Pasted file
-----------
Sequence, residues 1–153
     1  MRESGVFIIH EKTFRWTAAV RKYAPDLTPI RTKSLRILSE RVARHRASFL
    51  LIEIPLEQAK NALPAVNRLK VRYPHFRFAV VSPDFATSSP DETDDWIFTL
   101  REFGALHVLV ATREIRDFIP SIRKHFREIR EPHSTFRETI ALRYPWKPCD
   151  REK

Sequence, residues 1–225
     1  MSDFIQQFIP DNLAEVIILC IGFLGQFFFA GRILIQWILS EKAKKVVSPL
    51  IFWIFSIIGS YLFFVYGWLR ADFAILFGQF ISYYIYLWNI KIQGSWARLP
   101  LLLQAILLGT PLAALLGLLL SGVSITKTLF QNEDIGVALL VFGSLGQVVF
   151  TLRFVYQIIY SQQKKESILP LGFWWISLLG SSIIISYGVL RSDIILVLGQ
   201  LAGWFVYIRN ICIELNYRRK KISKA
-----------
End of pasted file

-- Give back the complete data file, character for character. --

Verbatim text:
Sequence, residues 1–153
     1  MRESGVFIIH EKTFRWTAAV RKYAPDLTPI RTKSLRILSE RVARHRASFL
    51  LIEIPLEQAK NALPAVNRLK VRYPHFRFAV VSPDFATSSP DETDDWIFTL
   101  REFGALHVLV ATREIRDFIP SIRKHFREIR EPHSTFRETI ALRYPWKPCD
   151  REK

Sequence, residues 1–225
     1  MSDFIQQFIP DNLAEVIILC IGFLGQFFFA GRILIQWILS EKAKKVVSPL
    51  IFWIFSIIGS YLFFVYGWLR ADFAILFGQF ISYYIYLWNI KIQGSWARLP
   101  LLLQAILLGT PLAALLGLLL SGVSITKTLF QNEDIGVALL VFGSLGQVVF
   151  TLRFVYQIIY SQQKKESILP LGFWWISLLG SSIIISYGVL RSDIILVLGQ
   201  LAGWFVYIRN ICIELNYRRK KISKA